Much awaited Rafale fighter deal delayed again. Here’s what’s holding it back now

By: |
New Delhi | Updated: May 6, 2016 8:00:33 AM

The law ministry has also opposed accepting Geneva as the arbitration destination in the event of any dispute, wanting it to be replaced by Delhi, something that the French side has opposed.

Rafale dealUnlike in the US, there is no concept of foreign military sales in France, and the negotiations between the two countries has been going on and are expected to be concluded under an IGA, which is yet to be inked. (Reuters)

The much-awaited deal for 36 Rafale aircraft has run into legal and contractual hurdles because French company Dassault Aviation offered a ‘diluted’ liability clause, which has been rejected as India’s ministry of law & justice felt that it “adversely compromised” India’s interests.

The law ministry has also opposed accepting Geneva as the arbitration destination in the event of any dispute, wanting it to be replaced by Delhi, something that the French side has opposed.

Defence minister Manohar Parrikar, earlier this week, had said in a written reply in the Rajya Sabha, “The ministry of law & justice has made certain observations and the same will be adequately taken into account while finalising the IGA (inter-governmental agreement), which is still under negotiations”.

Because of the concerns raised by the law ministry, the negotiations between the two countries over the fighter jets has slowed down.

Unlike in the US, there is no concept of foreign military sales in France, and the negotiations between the two countries has been going on and are expected to be concluded under an IGA, which is yet to be inked. Thus, India has been negotiating for stringent financial liability agreements from the French company for the combat planes — which the French have not accepted yet.

Talking about the stringent agreements that India is seeking, Rahul Bedi of UK-based Jane’s Defense Weekly says, “The defence ministry insists that such an agreement — backed by bank guarantees — form part of the Rafale contract, as that would enable India to encash these in the event of delays in equipment delivery or platform performance, or both.”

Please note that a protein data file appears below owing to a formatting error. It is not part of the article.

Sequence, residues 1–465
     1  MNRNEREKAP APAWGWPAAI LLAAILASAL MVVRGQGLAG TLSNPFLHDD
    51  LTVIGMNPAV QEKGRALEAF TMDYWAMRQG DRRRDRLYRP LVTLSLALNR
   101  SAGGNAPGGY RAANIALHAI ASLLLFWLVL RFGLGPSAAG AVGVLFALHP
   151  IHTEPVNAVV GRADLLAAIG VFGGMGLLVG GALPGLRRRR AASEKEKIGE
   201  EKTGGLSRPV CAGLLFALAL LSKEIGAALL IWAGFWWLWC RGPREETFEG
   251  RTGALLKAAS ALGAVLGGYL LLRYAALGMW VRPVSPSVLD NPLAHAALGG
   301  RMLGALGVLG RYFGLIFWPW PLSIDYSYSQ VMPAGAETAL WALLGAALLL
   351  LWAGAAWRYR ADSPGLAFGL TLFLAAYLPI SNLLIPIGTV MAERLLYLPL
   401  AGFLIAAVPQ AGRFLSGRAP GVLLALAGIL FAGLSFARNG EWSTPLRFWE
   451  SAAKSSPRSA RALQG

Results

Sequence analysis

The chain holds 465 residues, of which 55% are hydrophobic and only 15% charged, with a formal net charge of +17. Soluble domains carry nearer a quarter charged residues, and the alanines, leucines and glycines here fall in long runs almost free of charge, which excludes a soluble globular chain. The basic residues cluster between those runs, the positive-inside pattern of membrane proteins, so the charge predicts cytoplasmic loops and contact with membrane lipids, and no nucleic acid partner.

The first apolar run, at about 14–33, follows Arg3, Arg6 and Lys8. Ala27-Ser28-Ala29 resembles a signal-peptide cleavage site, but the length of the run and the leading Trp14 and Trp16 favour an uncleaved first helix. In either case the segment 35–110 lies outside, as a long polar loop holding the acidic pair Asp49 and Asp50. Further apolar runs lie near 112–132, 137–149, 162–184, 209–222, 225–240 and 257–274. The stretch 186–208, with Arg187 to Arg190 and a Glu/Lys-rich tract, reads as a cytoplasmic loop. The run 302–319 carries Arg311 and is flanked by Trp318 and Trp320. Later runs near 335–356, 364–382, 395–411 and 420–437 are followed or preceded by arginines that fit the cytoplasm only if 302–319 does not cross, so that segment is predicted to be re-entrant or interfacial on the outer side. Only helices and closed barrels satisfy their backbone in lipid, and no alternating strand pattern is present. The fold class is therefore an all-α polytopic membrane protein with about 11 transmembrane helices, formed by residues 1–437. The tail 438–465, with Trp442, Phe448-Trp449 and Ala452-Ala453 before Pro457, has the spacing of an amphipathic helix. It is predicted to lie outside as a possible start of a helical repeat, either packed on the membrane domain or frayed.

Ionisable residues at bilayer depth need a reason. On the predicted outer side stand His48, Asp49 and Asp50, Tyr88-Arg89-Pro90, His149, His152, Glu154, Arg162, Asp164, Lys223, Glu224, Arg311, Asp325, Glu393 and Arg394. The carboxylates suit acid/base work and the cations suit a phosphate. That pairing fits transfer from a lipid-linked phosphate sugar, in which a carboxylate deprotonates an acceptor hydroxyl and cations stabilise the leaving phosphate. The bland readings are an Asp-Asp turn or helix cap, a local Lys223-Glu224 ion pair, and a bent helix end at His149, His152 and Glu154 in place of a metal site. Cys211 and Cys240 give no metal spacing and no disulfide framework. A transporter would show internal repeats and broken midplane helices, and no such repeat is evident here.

“The ministry of law & justice has also objected to the ‘diluted’ liability clause, under negotiation for eventual inking by the French government, Dassault and possibly MBDA, the principal weapons provider, on grounds that it ‘adversely compromised’ India’s interests,” Bedi pointed out.

Sources in the ministry of defence (MoD) told FE, “We are still in the process of deciding whether there is a need to order all spare parts that the aircraft will need for a period of either five or 10 years. And negotiations are still on regarding what kind of financial penalties can be imposed on Dassault Aviation Company, which is making the combat plane, if the performance is unsatisfactory.”

According to sources, there has also been opposition to accepting Geneva as the arbitration destination in the event of any dispute, with a push for it to be replaced by New Delhi, something that the French side has opposed.

This is not the first time that the liability clause has come up. Even when discussions were going on for the 126 MMRCA, the liability clause was opposed by the French side, said sources.

Disagreement
A deal for 36 Rafale aircraft has run into legal and contractual hurdles because French company Dassault Aviation offered a ‘diluted’ liability clause, which has been rejected as India’s ministry of law & justice felt that it ‘adversely compromised’ India’s interests

The law ministry has also opposed accepting Geneva as the arbitration destination in the event of any dispute, wanting it to be replaced by Delhi, something that the French side has opposed

Get live Stock Prices from BSE and NSE and latest NAV, portfolio of Mutual Funds, calculate your tax by Income Tax Calculator, know market’s Top Gainers, Top Losers & Best Equity Funds. Like us on Facebook and follow us on Twitter.

FinancialExpress_1x1_Imp_Desktop